Both cast members came around to Simon's vision once the plot path gave way to the series' larger orbit: the main character was neither Barksdale nor any of the detectives sniffing around his buildings, it was broader than that. The main character was Baltimore itself, and its slow death.

From street corner to cityscape

Simon knew from experience that chronicling the failure of the war on drugs required strong peripheral vision. In 1984 Simon, a young Baltimore Sun reporter, linked up with Ed Burns, then a homicide detective with the Baltimore Police Department who had just come to the conclusion of a sweeping wiretap investigation involving high-level drug trafficker Melvin Williams (who would later serve as an inspiration for Avon Barksdale and appear on the show as a modest deacon). 

The two began a relationship that would later run through "The Wire" and beyond, but in the beginning Burns was a reliable source for Simon's writing. From a year-long self-installment alongside the BPD homicide unit came Simon's 1991 book "Homicide: A Year on the Killing Streets," adapted in 1993 into NBC series "Homicide: Life on the Street." Simon found himself on the writing staff of the show, its success opening the door to a pitch to adapt his 1997 book "The Corner: A Year in the Life of An Inner-City Neighborhood," co-written with Burns.

Simon's vision for "The Wire:" a long-running series, longer than the six parts that "The Corner" afforded, which would use a drug corner as its nexus before burgeoning into an epic project that interrogates the many failed systems at play in the "colossal waste of time and money" that encompassed the drug war. A proper cross-examination had to unpack not just the cops and dealers, but the supply routes, the nearsighted political machine, and the Swiss-cheese educational system. The show's narrative didn't call for a pivot, but a mushroom of scope.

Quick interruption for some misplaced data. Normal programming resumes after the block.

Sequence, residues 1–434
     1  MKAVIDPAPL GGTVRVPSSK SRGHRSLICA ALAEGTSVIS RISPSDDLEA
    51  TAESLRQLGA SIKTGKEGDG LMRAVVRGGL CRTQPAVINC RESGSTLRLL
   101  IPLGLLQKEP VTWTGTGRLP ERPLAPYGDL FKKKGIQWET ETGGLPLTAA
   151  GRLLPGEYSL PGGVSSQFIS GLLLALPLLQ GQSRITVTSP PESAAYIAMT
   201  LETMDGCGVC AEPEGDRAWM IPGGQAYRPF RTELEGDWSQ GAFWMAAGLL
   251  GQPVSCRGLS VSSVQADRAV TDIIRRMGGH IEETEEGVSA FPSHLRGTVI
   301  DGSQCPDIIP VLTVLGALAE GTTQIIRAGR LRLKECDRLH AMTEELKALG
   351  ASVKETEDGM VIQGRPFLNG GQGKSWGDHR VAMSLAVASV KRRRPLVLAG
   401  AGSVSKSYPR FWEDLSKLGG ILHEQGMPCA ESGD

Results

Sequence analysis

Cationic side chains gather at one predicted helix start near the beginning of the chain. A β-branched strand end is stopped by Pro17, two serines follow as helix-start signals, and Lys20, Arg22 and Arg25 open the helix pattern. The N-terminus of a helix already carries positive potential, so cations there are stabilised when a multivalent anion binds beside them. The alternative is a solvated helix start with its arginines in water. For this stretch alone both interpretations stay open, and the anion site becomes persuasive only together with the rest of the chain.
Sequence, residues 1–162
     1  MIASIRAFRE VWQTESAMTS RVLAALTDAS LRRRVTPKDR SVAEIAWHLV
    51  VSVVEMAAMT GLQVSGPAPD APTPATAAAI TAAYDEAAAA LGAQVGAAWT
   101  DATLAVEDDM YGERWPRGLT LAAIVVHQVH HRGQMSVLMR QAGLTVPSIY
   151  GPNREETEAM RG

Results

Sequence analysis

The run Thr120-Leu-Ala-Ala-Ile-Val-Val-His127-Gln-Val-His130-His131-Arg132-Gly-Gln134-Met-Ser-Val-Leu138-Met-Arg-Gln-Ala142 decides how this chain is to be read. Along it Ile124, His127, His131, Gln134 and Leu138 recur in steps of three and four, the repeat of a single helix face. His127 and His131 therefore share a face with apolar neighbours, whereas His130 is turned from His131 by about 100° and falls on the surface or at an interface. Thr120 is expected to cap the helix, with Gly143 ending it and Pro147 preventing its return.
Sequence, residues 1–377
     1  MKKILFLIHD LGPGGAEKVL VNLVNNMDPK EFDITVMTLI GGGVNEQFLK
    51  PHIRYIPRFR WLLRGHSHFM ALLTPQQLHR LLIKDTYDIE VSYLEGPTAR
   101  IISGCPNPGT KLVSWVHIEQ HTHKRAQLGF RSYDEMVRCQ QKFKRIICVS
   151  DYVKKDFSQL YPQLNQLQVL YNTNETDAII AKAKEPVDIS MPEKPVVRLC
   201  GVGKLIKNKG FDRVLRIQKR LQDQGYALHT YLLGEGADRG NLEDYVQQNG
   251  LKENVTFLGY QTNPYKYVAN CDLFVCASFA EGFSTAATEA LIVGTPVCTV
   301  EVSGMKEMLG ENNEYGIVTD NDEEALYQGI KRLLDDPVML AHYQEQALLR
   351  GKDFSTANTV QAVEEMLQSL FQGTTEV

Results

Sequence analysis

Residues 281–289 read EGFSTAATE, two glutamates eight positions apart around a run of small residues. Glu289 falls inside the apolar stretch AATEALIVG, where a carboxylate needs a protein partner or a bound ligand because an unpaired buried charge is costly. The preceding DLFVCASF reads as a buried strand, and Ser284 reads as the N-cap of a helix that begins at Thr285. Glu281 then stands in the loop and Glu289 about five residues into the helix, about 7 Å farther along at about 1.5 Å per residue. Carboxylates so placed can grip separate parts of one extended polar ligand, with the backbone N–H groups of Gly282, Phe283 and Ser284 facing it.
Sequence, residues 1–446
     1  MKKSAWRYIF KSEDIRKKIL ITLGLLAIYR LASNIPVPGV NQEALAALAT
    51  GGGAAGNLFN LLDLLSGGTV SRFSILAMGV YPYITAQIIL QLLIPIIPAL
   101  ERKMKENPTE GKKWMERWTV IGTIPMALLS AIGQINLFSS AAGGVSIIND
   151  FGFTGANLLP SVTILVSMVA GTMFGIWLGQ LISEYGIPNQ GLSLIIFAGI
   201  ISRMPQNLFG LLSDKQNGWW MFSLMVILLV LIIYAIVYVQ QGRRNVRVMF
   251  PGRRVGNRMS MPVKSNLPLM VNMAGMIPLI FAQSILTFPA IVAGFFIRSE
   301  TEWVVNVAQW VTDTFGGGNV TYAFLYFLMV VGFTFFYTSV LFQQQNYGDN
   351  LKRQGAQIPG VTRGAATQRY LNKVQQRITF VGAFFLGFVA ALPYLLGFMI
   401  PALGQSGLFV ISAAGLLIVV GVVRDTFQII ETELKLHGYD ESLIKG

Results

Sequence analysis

'Now we're going to build a city'

By the time "The Wire" season 2 begins, Stringer Bell is still loose and in charge of operations for the Barksdale crew. Rather than get the lawman band back together in pursuit of him, Detective Jimmy McNulty (Dominic West), Lieutenant Cedric Daniels (Lance Reddick), and most of their detail are relegated to the sidelines. Instead, the lens pans over to the Port of Baltimore as the locus of a dying American city. Barksdale's people have been replaced by the laborers of the docks, a move Alan Sepinwall describes in his book "The Revolution Was Televised" as "the most important move the series ever made." 

Through the likes of union leader Frank Sobotka (Chris Bauer), his judicious nephew Nick (Pablo Schreiber), and perennial screw-up Ziggy (James Ransone), the show's new POV was another microcosm of the drug conflict but, like the cumulative effect of the episodes themselves, amassed into something greater, earning the authority to pass condemnation to all institutions involved but few of its individuals. "Part of the game," the show's professed maxim goes.